The simplest (though not scientifically accurate) thing to do would to use Math.cos/sin paired with an updating angle value. Something like this in the frame update:

```
earthOrbitAngle += earthOrbitSpeed; //advance angle in degrees
var orbitAngleInRadians = earthOrbitAngle * Math.PI / 180; //convert to radians
//update position of earth...
earth.position.x = Math.cos(orbitAngleInRadians) * earthOrbitRadius;
earth.position.z = Math.sin(orbitAngleInRadians) * earthOrbitRadius;
```

You could elongate either the x or z value to make the orbit elliptical by multiplying earthOrbitRadius by some factor.

You could tilt the earth just by setting it's rotation.z. However, if you want to have the Moon and have it orbit around the tilted axis, then easiest thing to do is create an empty Object3D container to hold the two, with the moon running its own orbiting script. Then you animate that container around the Sun. So the set up would look something like this:

```
theSun = new THREE.Mesh(new THREE.SphereGeometry(30, 16, 15), new THREE.MeshBasicMaterial({
color: 'yellow'
}));
scene.add(theSun);
theEarthAndMoon = new THREE.Object3D();
theEarthAndMoon.rotation.z = 23.439281 * Math.PI / 180; //tilt of earth in radians;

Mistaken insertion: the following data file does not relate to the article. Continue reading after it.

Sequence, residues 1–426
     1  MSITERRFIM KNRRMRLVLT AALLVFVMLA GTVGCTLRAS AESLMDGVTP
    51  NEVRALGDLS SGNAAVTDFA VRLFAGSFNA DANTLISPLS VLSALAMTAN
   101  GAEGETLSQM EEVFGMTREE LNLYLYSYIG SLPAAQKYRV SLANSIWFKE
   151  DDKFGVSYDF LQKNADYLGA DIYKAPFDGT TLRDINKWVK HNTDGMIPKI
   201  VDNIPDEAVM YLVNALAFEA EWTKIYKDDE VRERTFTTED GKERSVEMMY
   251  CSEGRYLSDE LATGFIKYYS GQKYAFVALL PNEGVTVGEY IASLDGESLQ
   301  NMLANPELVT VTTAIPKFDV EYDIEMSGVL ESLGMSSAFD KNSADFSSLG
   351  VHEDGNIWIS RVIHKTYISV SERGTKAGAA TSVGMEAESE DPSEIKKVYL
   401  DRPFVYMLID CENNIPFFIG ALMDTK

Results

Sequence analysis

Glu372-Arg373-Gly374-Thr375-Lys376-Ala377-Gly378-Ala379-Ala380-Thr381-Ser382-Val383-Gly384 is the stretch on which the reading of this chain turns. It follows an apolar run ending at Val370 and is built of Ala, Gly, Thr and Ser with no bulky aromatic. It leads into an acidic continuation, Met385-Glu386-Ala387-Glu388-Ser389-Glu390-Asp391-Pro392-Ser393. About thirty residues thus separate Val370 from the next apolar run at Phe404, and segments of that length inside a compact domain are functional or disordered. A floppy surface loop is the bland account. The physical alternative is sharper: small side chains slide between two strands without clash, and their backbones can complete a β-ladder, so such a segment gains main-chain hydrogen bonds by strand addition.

scene.add(theEarthAndMoon);
theEarth = new THREE.Mesh(new THREE.SphereGeometry(5, 16, 15), new THREE.MeshLambertMaterial({
color:"blue"
}));
theEarthAndMoon.add(theEarth);
theMoon = new THREE.Mesh(new THREE.SphereGeometry(1, 16, 15), new THREE.MeshLambertMaterial({
color:"white"
}));
theEarthAndMoon.add(theMoon);
```

And in the frame update:

```
//run the earth's orbit around the Sun
earthOrbitAngle += earthOrbitSpeed;
var radians = earthOrbitAngle * Math.PI / 180;
theEarthAndMoon.position.x = Math.cos(radians) * earthOrbitRadius;
theEarthAndMoon.position.z = Math.sin(radians) * earthOrbitRadius;
//run the Moon's orbit around the Earth
moonOrbitAngle += moonOrbitSpeed;
var moonRadians = moonOrbitAngle * Math.PI / 180;
theMoon.position.x = Math.cos(moonRadians) * moonOrbitRadius;
theMoon.position.z = Math.sin(moonRadians) * moonOrbitRadius;
```

You can see it running here: Simple Sun, Earth, and Moon at JSFiddle

Now, if you want to go deep down the rabbit hole of accurate orbiting mechanics, I would suggest starting with looking under the hood of this incredible Three.js simulation of all the planets and 600,000 asteroids: Asterank project

"I think I only need to edit the position of x axis, right?"I don't think that will work. At some point, the Earth's position will lie on top of the x axis, at which point subtracting 1 and normalizing won't change its position at all. You should consider coming up with a different strategy. – Kevin Jan 14 '14 at 18:19